Actually, for several stretches, hilarity does ensue. Aniston hasn’t been this funny since the start of the Obama administration. Screwball spitfire delivery, a grandparent of sitcom patter, suits her. A rondelet at a local Italian restaurant, where all the principals are in attendance, has great comedic momentum as does a hotel sequence anchored with another great performance by Lucy Punch, as an Eastern Bloc prostitute.

But there are still a number of moments that stop the movie cold or least make its back seize up. Izzy’s accent would have made Jean Hagen‘s Lina Lamont from Singin’ in the Rain plug her ears. The appearance of Cybil Shepard and Richard Lewis, as Izzy’s parents, also seems like Bogdanovich calling in old favors, those he’s doing himself none by having them. Lewis is particularly painful to watch as he seems ill.

But, for all its cinematic lumbago there are enough laughs, that SHE’S FUNNY THAT WAY strikes one as Bogdanovich’s wistful delivery of the kind of movie they don’t make anymore.



August 28th, 2014 | Posted by keithsim in Uncategorized | Venice - (Comments Off)

The Price of Glory (La Rancon de la Glorie) is based on the bizarre but true story that took place in the waning days of 1977, right after Charlie Chaplin had died. In this forgotten saga two men came up with the hare-brained idea to dig up his corpse and attempted to to ransom it back to his family. The two criminals here are Eddy, played by Benoit Poelvoorde, and Osman, played by Roschdy Zem. Neither Eddy nor Osamn are very good as kidnappers. Osman is a family man with a young daughter and a sick wife, which makes him desperate to figure out a way to cover her medical bills. Eddy is a seemingly dim bulb who comes up with the scheme.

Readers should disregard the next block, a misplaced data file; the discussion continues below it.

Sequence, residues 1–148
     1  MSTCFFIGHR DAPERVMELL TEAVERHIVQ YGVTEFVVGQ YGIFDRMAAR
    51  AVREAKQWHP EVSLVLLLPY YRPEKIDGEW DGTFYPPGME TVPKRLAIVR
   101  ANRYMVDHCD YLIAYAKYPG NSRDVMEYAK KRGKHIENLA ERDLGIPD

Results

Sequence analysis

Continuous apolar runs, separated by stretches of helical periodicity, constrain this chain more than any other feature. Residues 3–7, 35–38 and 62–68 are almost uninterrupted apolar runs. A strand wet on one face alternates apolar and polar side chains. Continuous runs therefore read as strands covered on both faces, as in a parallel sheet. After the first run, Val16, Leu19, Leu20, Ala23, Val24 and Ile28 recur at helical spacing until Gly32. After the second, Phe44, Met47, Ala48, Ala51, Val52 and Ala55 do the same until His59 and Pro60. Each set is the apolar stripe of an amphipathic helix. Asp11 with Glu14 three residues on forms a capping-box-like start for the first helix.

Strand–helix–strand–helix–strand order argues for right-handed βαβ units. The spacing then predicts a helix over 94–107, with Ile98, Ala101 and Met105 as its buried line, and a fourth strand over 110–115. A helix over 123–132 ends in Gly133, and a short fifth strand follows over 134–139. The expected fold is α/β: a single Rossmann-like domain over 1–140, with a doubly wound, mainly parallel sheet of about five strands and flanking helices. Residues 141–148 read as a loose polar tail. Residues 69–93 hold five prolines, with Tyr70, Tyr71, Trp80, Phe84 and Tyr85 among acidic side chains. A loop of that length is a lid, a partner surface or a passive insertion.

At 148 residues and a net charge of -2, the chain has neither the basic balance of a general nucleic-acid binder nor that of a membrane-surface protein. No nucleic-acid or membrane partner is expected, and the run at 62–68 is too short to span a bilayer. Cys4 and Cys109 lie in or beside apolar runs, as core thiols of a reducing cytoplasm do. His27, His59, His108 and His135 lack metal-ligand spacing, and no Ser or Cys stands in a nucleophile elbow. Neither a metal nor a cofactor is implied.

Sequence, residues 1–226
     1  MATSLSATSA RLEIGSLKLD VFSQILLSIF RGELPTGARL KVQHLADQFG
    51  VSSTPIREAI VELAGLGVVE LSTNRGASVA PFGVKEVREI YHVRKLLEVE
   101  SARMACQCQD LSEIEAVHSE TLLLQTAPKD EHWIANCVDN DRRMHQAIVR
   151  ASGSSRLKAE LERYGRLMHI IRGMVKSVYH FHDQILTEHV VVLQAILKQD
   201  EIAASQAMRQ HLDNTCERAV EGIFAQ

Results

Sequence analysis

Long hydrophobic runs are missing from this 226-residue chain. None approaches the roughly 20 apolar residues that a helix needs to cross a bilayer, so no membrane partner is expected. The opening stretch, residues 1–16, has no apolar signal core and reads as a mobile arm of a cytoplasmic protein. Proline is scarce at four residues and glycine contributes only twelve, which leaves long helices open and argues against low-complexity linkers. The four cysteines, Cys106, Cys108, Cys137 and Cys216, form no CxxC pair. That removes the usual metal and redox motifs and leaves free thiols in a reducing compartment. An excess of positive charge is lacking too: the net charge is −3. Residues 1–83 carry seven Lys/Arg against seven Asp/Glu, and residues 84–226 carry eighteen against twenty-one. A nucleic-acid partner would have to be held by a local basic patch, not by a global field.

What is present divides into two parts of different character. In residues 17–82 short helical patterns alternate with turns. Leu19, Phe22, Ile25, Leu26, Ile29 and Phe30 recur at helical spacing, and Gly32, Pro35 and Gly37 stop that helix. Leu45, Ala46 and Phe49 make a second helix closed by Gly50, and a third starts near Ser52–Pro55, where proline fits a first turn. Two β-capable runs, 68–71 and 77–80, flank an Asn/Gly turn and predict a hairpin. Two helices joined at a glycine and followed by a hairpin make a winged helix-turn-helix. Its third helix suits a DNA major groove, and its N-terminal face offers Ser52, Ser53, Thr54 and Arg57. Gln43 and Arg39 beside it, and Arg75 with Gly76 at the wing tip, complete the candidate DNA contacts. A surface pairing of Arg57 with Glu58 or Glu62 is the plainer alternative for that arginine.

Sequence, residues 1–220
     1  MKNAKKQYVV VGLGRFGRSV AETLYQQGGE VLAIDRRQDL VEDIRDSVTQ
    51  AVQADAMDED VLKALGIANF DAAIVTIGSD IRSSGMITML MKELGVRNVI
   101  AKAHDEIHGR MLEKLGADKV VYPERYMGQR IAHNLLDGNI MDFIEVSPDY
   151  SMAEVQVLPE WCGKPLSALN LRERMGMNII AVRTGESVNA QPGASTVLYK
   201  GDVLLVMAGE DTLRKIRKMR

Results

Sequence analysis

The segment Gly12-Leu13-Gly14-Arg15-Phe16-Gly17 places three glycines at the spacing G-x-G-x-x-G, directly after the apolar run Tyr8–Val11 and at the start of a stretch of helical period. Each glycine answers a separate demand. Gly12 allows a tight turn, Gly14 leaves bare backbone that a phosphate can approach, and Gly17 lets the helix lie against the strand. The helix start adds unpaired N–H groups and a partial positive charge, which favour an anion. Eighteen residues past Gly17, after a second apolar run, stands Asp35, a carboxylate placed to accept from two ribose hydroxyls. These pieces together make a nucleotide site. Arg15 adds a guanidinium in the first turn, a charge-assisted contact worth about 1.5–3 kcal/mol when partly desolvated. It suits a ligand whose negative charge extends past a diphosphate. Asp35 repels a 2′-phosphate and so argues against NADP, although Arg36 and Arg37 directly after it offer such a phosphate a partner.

The film is directed by Xavier Beauvois, who is best known for Of Gods and Men, which is a much more somber picture. But Beauvois has managed to make Price of Fame tender and sweet. It is however, also overly long at 114 minutes, isn’t terribly funny, for a film that bills itself as comedy, and it is absolutely drowning in an otherwise quite pleasant score by Michel Legrand. Scene after scenes has the score ladled over it and dripping down the sides. 7.2/10

TALES, directed by Rakshan Bani-Etemad and written by her and Farid Mostafavi is a compilation of personal stories of people struggling with the day-to-day travails of living life in Teheran, Iran. There are no jihadists or honor killings in the film but there are a lot of adulterers, druggies, and illiterates. This may come as a minor shock to others besides me but heroin and meth are talked about more here than I would have thought supportable.

Though some of the stories are compelling much of it makes you feel like you’re working the front desk at the Iranian Customer Complaint Bureau and these particular arcs in the film outstay their welcome. 6.7/10


August 27th, 2014 | Posted by keithsim in Venice - (Comments Off)

Alejandro Gonzalez Inarritu‘s ambitious, existential, stream-of-consciousness, comedy/farce BIRDMAN is an audacious gamble and a grand stage for actors, particularly for those who have never had a chance to show their serious chops on the big screen. (Any big actor who has fallen from grace should be ringing Inarritu’s agent this weekend for his next film.)